“We go through a heat-treating process so everything is solidified, no potential for frame failures,” Kommer says. “And we provide factory support for these athletes, specifically at the international level and professional level. Just like any other professional athlete, they require factory support, whether it’s from Nike for their sneakers or whether it’s in motorsports, there’s factory support provided by, say, Honda, Yahama, Suzuki, when it comes to parts, components, adjustments, things these athletes require.”

Because of a backlog of orders, time to delivery is 10-12 weeks, but the actual production process takes about two and a half weeks, Kommer says. Both companies utilize 6000 series and 7000 series aluminum, which is strong, durable and cost-effective. The 7000 series is also about 20% lighter.

Schulte says the elite products in the Top End line use heat-treated 7000 series, and many of their chairs have carbon fiber or composite components in targeted areas, like the backrest and chain guard on the Force RX handcycle. 

“As long as Top End’s been around, we’ve been looking into different or new materials that we can utilize,” Schulte says. “Top End will always be hunting for another type of material, another application where we can utilize modern-age techniques and materials to deliver a better product. Top End has always had a strong tradition with the Paralympics. One of the other things that fuels the ideas is the Paralympics itself, so looking at how do we go faster, how do we help make the athlete even more agile, how do we help compensate for that person’s disability?”

Likewise, Per4Max looks for ways to lighten their chairs using carbon fiber in places where components would normally be aluminum-plated or plastic.

“We’re doing everything from wheels to different tires that hold more air pressure [140-150 pounds per square inch], to lighter components. How about titanium hardware? Everything we can do to shave ounces off while still maintaining that integrity and strength, as well as having a progressive setup that’s going to allow these athletes to go out and do what they weren’t doing before in their old chair,” Kommer says.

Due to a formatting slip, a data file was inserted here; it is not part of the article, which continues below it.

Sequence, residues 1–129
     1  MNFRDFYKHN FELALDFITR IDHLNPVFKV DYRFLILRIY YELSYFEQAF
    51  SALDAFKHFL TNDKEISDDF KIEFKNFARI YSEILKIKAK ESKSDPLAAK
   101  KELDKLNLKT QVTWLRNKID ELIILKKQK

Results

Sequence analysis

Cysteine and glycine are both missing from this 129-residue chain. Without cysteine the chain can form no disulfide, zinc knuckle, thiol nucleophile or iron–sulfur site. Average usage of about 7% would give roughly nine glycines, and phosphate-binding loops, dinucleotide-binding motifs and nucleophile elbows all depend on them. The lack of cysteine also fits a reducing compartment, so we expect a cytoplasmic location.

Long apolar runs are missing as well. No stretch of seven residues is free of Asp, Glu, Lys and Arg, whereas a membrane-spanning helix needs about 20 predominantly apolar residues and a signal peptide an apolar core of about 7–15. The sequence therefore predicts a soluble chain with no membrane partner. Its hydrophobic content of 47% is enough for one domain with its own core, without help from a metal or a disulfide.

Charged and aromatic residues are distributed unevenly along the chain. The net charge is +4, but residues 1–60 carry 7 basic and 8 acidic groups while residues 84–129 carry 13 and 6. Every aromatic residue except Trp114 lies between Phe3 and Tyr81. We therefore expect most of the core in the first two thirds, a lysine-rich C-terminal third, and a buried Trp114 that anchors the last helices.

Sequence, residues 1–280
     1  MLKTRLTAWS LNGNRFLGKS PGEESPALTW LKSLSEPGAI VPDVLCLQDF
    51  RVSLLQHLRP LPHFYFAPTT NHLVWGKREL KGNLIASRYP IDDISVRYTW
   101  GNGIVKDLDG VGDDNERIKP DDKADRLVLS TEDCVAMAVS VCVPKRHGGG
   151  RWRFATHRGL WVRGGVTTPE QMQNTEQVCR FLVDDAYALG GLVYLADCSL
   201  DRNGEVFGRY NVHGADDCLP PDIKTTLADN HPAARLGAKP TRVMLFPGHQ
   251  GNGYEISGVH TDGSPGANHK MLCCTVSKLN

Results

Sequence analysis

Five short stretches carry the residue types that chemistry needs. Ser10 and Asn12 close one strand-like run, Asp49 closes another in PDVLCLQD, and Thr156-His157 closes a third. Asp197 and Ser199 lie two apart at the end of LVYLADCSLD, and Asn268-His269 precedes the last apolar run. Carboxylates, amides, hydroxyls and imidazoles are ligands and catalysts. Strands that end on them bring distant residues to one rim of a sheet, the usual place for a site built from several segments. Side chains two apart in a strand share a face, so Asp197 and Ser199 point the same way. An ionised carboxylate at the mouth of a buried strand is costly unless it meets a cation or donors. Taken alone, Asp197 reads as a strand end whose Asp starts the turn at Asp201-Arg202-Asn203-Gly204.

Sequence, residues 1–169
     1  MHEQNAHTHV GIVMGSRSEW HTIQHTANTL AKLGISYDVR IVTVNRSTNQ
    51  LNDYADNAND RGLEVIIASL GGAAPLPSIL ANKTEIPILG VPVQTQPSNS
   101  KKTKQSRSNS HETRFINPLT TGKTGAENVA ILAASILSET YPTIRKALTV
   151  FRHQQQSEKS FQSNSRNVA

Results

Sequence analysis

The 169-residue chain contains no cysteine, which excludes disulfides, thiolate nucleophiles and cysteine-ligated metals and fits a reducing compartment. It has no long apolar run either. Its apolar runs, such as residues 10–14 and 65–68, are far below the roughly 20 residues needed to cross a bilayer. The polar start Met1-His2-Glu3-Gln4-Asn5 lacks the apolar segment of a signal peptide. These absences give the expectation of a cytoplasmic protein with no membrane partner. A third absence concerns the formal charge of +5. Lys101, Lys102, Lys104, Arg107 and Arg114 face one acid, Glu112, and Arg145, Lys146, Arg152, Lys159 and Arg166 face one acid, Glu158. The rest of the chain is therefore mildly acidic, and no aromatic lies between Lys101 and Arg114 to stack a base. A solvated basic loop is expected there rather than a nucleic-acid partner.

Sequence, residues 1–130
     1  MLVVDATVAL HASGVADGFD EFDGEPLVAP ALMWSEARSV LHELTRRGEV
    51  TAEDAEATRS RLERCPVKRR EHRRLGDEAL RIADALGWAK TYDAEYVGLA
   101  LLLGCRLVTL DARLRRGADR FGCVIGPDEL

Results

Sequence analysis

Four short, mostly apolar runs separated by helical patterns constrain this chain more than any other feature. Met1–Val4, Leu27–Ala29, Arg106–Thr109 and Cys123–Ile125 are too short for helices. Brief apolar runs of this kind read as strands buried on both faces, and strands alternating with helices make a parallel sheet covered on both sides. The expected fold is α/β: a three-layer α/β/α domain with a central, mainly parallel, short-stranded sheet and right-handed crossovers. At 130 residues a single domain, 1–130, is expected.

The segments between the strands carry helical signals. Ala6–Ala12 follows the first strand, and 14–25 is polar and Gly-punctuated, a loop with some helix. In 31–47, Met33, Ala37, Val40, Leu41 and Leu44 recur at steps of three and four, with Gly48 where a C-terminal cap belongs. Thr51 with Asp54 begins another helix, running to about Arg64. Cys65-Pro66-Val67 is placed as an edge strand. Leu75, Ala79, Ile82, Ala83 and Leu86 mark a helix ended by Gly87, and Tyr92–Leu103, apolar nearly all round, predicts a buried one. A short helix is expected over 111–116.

There are many types and sizes of wheels, including those with pushrims for racing chairs, handrims for basketball chairs and drive wheels for handcycles that all get added in assembly. 

Each company offers standard wheels and tires that are meant to be durable and get the athlete going. Upgraded wheels can be lighter and more aerodynamic, like a carbon fiber disc wheel or carbon fiber spoke wheel for racing, or stronger and able to take impact for basketball or rugby. 

Spinergy wheels and casters are popular upgrades for basketball chairs but can add $695 to $1,295 onto the cost of the chair. Wheel size and camber are generally specified by the athlete and depend mostly on the athlete’s size, strength and ability level.

In wheelchair racing, Schulte says, a 700c size wheel is used a majority of the time, while 26-inch wheels can be used by young athletes and those with shorter arms. In wheelchair basketball, there are four wheel sizes — 24, 25, 26 and 700c. If athletes want to sit tall, they have a larger wheel so they don’t have to reach too far. 

Per4Max has many different options of upholstery, from air mesh and solid cushions to pressure-relieving cushions, as well as tension-relieving backrest options. Top End provides standard cushions, no gel or memory foam, but there are other cushions available within Invacare, such as the Matrx line.